Monday, July 16, 2012

Garden Bloggers Bloom Day for July

One of my fave daylilies (unknown cultivar but I call it Orange Julius)
Last weekend I was going to do a post about the plants that were managing to bloom in my garden despite the drought. But then almost all last week we had rain - about 4 inches worth! It was a wonderful respite. And since I never got around to that post, I'll do one for Garden Bloggers Bloom Day, hosted every 15th of the month by Carol at May Dreams Gardens (shh, I'm late!).

A nice, tall no-name daylily
This year the daylilies bloomed very early for me. I was kind of sad about that but I've been surprised by how many of them put on a second show. Usually they're too pooped and it's too much in the heart of summer for them to put forth much. Guess they had enough time to get revitalized before August. Or maybe I actually remembered to fertilize them. :-)

Red Cascade miniature climbing rose
Nothing stops my 'Red Cascade' mini climber from blooming and growing. You don't know how many times I've had to cut this back just because it's gotten too big.

Little Women rose
Little Women, a Storybook rose, is also quite hardy. It's petite but has never shown a sign of disease. It blooms in spurts for me but very often.

'Firecracker' cuphea
I plunked a few of these cupheas in my raised bed when I couldn't find anything else to put in there (I've been redoing this one particular bed over and over!). I'm glad I did because the hummers love these.

'Goldsturm' rudbeckia (black-eyed Susan)
The black-eyed Susans are starting to flower. This is the quintessential July bloomer for me.

'Robert Poore' phlox (Phlox paniculata)
Last year I grew phlox for the first time and I'm very happy I did. This 'Robert Poore' phlox is a particularly good one. It blooms non-stop and is very attractive to critters. Now that I have a new pergola and deck near this plant, I've had the pleasure of watching hummingbirds at work there. (Oh, I haven't shown you my new hangout yet! I will soon.)

'Black Beauty' lily
A few of you know I've been fretting over my new lilies - 'Black Beauty'. But I've been told it takes a few years for lilies to take hold. This is an older variety that I hope hangs around for me.

Okay, this may not look like a bloom but the blooms are inside the green skin. I'm trying to espalier a fig tree, and this year I've even gotten a few off the tree (although the birds seem to be beating me to them).

Other plants blooming this month include roses, nicotiana, 'Coral Nymph' salvia, 'Black and Blue' salvia, coreopsis, petunias, waterlilies, Verbena bonariensis (always!), wild arugula (again, always!), and hummingbird plant (aka flame acanthus). Be sure to visit May Dreams Gardens to see what folks from around the world have blooming this month!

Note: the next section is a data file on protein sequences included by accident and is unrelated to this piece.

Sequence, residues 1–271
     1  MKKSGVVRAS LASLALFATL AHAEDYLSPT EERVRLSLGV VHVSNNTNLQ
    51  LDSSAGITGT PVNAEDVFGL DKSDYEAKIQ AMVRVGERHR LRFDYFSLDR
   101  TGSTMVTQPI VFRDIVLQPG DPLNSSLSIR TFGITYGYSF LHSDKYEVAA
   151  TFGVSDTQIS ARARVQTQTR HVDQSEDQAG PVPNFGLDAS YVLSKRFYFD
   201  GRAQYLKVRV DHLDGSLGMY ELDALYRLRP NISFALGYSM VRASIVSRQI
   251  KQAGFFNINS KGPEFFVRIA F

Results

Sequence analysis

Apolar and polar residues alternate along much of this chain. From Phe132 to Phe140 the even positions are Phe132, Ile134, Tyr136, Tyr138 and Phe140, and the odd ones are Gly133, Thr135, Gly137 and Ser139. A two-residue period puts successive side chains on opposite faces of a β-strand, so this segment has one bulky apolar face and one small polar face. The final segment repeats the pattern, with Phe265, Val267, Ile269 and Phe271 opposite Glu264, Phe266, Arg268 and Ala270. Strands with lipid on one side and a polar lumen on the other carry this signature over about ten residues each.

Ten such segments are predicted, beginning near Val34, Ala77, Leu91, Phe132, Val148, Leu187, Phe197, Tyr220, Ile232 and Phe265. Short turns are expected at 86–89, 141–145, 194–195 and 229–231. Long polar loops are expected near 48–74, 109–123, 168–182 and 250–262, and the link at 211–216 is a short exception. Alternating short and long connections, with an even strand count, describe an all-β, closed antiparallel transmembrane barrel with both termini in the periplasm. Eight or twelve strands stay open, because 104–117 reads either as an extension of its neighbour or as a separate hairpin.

This post was written by Jean McWeeney for my blog Dig, Grow, Compost, Blog. Copyright 2012. Please contact me for permission to copy, reproduce, scrape, etc.

Wednesday, July 4, 2012

Great Britain Gardens

A David Austin rose (I think) at RHS Garden Wisley
On this Fourth of July, our Independence Day in this wonderful home of warring yet democratic factions and good plumbing, I thought I'd post about the beautiful and interesting gardens I saw in the home of our forefathers and mothers. My hubby had to give a paper at a conference in Edinburgh, Scotland, and do some research in London, so I decided to tag along and see a few gardens. We've been to Great Britain a few times before but only coincidently seen some gardens. This time I was determined to make the effort and bring back a few pics. Though I only saw a handful of public gardens (and one private one of my friend Sue), I was not disappointed.

North American garden display at British Museum
Jet-lagged but determined to remain on our feet the entire first day, we went to the British Museum only to find a display of North American plants that was developed in conjunction with Kew Gardens! I had to laugh to see how far we'd come to see a "typical" Caddo Lake scene. :-)

I do wish we had as many public parks and squares per acre as London does. Here's a typical one, Bloomsbury Square if I remember correctly.
Palm House at Kew Gardens
Our first real garden outing was the next day. We met our old friend from Austin, Sue Carter, at Kew Gardens. We've been there a few times but I never fail to be impressed by the old Palm House. Isn't that a stupendous glass house?

Rosa 'Brenda Colvin'
We quickly left the crowds and found ourselves in the Duke's Garden where the roses were climbing up pillars and across a pergola. The roses were at their glorious height and the fragrance was unbelievable.

Rosa 'Chaplin's Pink Climber'
Rosa 'Francois Juranville'